Venice, My Muse: An Interview with Katia Waegemans

Like so many other “Venice, My Muse” interviewees, I met Katia because she is a Venetophile who I invited to contribute to First Spritz Is Free. She runs an excellent blog, The Venice Insider, with many great tips and insights into traveling in Venice, plus lists of books, restaurants, shops, festivals, and more. (Links are at the bottom of this post.) Katia has met up with other Venetophile contributors to First Spritz when she’s in Venice. I hope one day I’ll meet her in person!

How has Venice seduced you?

I visited Venice for the first time at the age of 16, first as part of my Italy school trip and later that year with my family. It took me, however, 15 years to return and fall in love with the city.

Venice is completely different from any other city I know. It’s very quiet and peaceful. I love wandering around without the noise of cars, admiring the beauty of the palazzos, the culture, and history, enjoying a spritz outside on a terrace, taking in the view of the Canal Grande. It’s a place where I can forget about everything and enjoy every moment, even when it is hectic and crowded. On top of that, there are so many things going on in Venice. There is always something to discover, whether it’s a new restaurant, an exposition, a calle that I hadn’t seen before or just the people walking around.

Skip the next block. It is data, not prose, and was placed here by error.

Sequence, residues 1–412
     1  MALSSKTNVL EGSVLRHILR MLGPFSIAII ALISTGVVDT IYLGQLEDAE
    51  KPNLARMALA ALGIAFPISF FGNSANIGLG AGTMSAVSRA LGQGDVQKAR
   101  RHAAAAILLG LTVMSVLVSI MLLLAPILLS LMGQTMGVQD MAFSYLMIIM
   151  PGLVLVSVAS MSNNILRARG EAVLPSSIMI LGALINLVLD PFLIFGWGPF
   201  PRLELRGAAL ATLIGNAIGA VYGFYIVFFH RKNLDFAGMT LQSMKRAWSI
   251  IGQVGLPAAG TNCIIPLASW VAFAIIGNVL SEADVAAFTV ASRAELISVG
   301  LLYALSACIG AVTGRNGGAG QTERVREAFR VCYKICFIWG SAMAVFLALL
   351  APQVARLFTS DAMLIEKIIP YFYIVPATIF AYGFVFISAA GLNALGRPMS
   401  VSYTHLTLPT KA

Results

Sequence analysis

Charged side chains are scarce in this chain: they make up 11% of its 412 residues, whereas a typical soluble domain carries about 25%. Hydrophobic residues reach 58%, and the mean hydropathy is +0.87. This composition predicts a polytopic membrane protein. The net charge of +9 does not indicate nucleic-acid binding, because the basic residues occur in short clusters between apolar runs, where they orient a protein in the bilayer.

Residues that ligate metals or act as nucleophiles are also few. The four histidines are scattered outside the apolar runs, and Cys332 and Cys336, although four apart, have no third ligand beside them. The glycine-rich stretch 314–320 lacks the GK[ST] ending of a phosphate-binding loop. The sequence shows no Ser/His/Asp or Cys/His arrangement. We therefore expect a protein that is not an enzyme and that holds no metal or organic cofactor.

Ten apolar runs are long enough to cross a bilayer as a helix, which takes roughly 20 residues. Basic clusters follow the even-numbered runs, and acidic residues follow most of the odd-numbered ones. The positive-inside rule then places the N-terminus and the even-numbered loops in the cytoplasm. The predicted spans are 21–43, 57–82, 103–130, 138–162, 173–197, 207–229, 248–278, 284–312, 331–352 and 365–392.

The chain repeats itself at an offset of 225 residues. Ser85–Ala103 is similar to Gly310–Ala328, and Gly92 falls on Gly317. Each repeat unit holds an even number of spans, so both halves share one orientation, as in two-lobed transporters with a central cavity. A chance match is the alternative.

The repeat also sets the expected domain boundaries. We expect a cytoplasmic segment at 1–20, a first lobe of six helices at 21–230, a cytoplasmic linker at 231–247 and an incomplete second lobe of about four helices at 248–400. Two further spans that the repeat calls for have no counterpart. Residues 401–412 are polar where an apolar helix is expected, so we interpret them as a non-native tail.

What do you never fail to do in Venice?

One of the first things I do when I arrive in Venice is enjoy a good Aperol spritz. This moment always feels like the official start of the holidays. Even though I also drink spritz at home, the setting in Venice makes it taste much better.

Walk or take a boat?

I usually walk as much as possible in Venice as it’s the best way to discover the city. Getting lost is part of the fun and brings you to unexpected places. It also ensures that you don’t rush from one place to another by jumping from one vaporetto to another. I take the time to stop whenever I see something new or beautiful, so the walk is always longer than I planned. Venice is also not that big, so you can easily walk from Sant’Elena to Cannaregio to Dorsoduro. If I would use a step counter, I’m sure that a day in Venice would be similar to one or two weeks of my daily routine at home.

Since I took 2 rowing classes with Venice On Board earlier this year, I love to be on the water and admire a canal view of Venice. Once, or if ever, my rowing skills have been perfected, I would probably be tempted to take a boat on a regular basis.